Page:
References

Bibliography

Aberdeen City Archives, PLANS FOR 63 HAMILTON PLACE, 15 November 1886; NMRS, PLAN OF 63 HAMILTON PLACE, F A M MacDonald Collection 1886; TOWN COUNCIL OF ABERDEEN MINUTES, 1884-1891; 2nd (1901) EDITION OS MAP; W A Brogden, ABERDEEN: AN ILLUSTRATED ARCHITECTURAL GUIDE, (2nd Edition: 1998), p142-143.

About Listed Buildings

Historic Environment Scotland is responsible for designating sites and places at the national level. These designations are Scheduled monuments, Listed buildings, Inventory of gardens and designed landscapes and Inventory of historic battlefields.

We make recommendations to the Scottish Government about historic marine protected areas, and the Scottish Ministers decide whether to designate.

Listing is the process that identifies, designates and provides statutory protection for buildings of special architectural or historic interest as set out in the Planning (Listed Buildings and Conservation Areas) (Scotland) Act 1997.

We list buildings which are found to be of special architectural or historic interest using the selection guidance published in Designation Policy and Selection Guidance (2019)

Listed building records provide an indication of the special architectural or historic interest of the listed building which has been identified by its statutory address. The description and additional information provided are supplementary and have no legal weight.

These records are not definitive historical accounts or a complete description of the building(s). If part of a building is not described it does not mean it is not listed. The format of the listed building record has changed over time. Earlier records may be brief and some information will not have been recorded.

The legal part of the listing is the address/name of site which is known as the statutory address. Other than the name or address of a listed building, further details are provided for information purposes only. Historic Environment Scotland does not accept any liability for any loss or damage suffered as a consequence of inaccuracies in the information provided. Addresses and building names may have changed since the date of listing. Even if a number or name is missing from a listing address it will still be listed. Listing covers both the exterior and the interior and any object or structure fixed to the building. Listing also applies to buildings or structures not physically attached but which are part of the curtilage (or land) of the listed building as long as they were erected before 1 July 1948.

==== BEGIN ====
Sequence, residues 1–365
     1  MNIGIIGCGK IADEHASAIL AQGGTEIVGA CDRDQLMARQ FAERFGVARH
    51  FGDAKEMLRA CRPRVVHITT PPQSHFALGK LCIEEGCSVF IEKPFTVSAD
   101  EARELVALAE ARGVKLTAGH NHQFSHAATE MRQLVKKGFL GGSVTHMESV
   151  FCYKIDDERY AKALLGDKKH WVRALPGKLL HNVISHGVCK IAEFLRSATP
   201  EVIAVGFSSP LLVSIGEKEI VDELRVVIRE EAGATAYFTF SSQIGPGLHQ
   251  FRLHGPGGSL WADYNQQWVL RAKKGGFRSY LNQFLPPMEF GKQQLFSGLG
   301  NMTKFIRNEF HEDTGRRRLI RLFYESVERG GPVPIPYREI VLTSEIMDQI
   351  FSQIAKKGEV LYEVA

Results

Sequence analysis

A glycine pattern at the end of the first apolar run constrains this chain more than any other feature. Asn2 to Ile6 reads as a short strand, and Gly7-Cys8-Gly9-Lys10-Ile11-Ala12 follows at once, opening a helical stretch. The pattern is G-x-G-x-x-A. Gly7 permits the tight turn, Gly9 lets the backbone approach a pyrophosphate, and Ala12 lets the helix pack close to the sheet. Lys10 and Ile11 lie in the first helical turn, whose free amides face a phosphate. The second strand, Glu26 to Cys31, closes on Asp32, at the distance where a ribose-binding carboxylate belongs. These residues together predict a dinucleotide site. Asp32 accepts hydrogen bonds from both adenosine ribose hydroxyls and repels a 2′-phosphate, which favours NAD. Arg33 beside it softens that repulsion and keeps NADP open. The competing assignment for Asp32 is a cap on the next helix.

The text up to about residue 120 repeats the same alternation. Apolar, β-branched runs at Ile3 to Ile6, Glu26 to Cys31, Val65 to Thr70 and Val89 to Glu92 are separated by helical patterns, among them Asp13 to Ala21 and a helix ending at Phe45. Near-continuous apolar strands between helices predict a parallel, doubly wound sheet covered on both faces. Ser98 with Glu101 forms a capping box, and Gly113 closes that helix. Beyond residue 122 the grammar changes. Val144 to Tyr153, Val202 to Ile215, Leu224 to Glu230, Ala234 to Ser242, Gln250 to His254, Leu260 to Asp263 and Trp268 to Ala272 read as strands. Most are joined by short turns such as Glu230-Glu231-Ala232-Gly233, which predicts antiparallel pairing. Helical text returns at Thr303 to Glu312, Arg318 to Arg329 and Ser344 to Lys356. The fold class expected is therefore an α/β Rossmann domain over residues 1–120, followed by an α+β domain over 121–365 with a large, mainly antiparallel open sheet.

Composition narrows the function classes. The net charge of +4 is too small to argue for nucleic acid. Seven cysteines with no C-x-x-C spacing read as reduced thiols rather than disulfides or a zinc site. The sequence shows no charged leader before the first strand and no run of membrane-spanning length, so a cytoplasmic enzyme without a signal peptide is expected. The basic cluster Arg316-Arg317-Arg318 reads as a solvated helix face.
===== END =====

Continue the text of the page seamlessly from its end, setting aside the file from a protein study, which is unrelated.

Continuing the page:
While Historic Environment Scotland is responsible for designating listed buildings, the planning authority is responsible for determining what is covered by the listing, including what is listed through curtilage. However, for listed buildings designated or for listings amended from 1 October 2015, legal exclusions to the listing may apply.

If part of a building is not listed, it will say that it is excluded in the statutory address and in the statement of special interest in the listed building record. The statement will use the word 'excluding' and quote the relevant section of the 1997 Act. Some earlier listed building records may use the word 'excluding', but if the Act is not quoted, the record has not been revised to reflect subsequent legislation.

Listed building consent is required for changes to a listed building which affect its character as a building of special architectural or historic interest. The relevant planning authority is the point of contact for applications for listed building consent.

Find out more about listing and our other designations at www.historicenvironment.scot/advice-and-support. You can contact us on 0131 668 8914 or at designations@hes.scot.

Images

There are no images available for this record, you may want to check Canmore for images relating to 63 HAMILTON PLACE AT WHITEHALL ROAD, INCLUDING GATES, GATEPIERS AND BOUNDARY WALLS

There are no images available for this record.

Search Canmore

Printed: 26/06/2022 03:30